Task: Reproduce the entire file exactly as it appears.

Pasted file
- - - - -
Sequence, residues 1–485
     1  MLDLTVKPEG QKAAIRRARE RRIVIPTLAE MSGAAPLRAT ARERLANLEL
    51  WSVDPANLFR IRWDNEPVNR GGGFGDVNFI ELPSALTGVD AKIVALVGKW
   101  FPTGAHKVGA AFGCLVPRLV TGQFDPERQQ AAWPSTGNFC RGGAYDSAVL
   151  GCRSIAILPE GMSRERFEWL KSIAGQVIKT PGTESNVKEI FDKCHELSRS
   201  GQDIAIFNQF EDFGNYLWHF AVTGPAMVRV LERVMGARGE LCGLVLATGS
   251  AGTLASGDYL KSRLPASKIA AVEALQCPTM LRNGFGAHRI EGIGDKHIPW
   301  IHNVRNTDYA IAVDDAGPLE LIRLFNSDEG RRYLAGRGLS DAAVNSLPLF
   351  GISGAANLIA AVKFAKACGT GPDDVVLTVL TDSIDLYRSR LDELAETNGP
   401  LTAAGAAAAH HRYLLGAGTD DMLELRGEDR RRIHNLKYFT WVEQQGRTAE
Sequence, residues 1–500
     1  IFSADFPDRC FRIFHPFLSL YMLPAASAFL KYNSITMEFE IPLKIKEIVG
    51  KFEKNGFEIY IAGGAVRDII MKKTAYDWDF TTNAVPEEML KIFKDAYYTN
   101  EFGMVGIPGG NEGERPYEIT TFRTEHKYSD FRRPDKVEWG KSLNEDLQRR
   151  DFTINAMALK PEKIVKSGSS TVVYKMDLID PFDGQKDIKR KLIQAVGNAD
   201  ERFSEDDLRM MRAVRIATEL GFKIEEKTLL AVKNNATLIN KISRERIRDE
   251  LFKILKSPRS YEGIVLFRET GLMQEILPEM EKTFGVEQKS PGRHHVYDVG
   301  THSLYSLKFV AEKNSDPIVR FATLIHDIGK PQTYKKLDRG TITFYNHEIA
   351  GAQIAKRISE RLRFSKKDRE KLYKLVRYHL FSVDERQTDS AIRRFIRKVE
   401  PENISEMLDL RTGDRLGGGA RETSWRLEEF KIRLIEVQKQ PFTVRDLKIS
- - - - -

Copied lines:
Sequence, residues 1–485
     1  MLDLTVKPEG QKAAIRRARE RRIVIPTLAE MSGAAPLRAT ARERLANLEL
    51  WSVDPANLFR IRWDNEPVNR GGGFGDVNFI ELPSALTGVD AKIVALVGKW
   101  FPTGAHKVGA AFGCLVPRLV TGQFDPERQQ AAWPSTGNFC RGGAYDSAVL
   151  GCRSIAILPE GMSRERFEWL KSIAGQVIKT PGTESNVKEI FDKCHELSRS
   201  GQDIAIFNQF EDFGNYLWHF AVTGPAMVRV LERVMGARGE LCGLVLATGS
   251  AGTLASGDYL KSRLPASKIA AVEALQCPTM LRNGFGAHRI EGIGDKHIPW
   301  IHNVRNTDYA IAVDDAGPLE LIRLFNSDEG RRYLAGRGLS DAAVNSLPLF
   351  GISGAANLIA AVKFAKACGT GPDDVVLTVL TDSIDLYRSR LDELAETNGP
   401  LTAAGAAAAH HRYLLGAGTD DMLELRGEDR RRIHNLKYFT WVEQQGRTAE
Sequence, residues 1–500
     1  IFSADFPDRC FRIFHPFLSL YMLPAASAFL KYNSITMEFE IPLKIKEIVG
    51  KFEKNGFEIY IAGGAVRDII MKKTAYDWDF TTNAVPEEML KIFKDAYYTN
   101  EFGMVGIPGG NEGERPYEIT TFRTEHKYSD FRRPDKVEWG KSLNEDLQRR
   151  DFTINAMALK PEKIVKSGSS TVVYKMDLID PFDGQKDIKR KLIQAVGNAD
   201  ERFSEDDLRM MRAVRIATEL GFKIEEKTLL AVKNNATLIN KISRERIRDE
   251  LFKILKSPRS YEGIVLFRET GLMQEILPEM EKTFGVEQKS PGRHHVYDVG
   301  THSLYSLKFV AEKNSDPIVR FATLIHDIGK PQTYKKLDRG TITFYNHEIA
   351  GAQIAKRISE RLRFSKKDRE KLYKLVRYHL FSVDERQTDS AIRRFIRKVE
   401  PENISEMLDL RTGDRLGGGA RETSWRLEEF KIRLIEVQKQ PFTVRDLKIS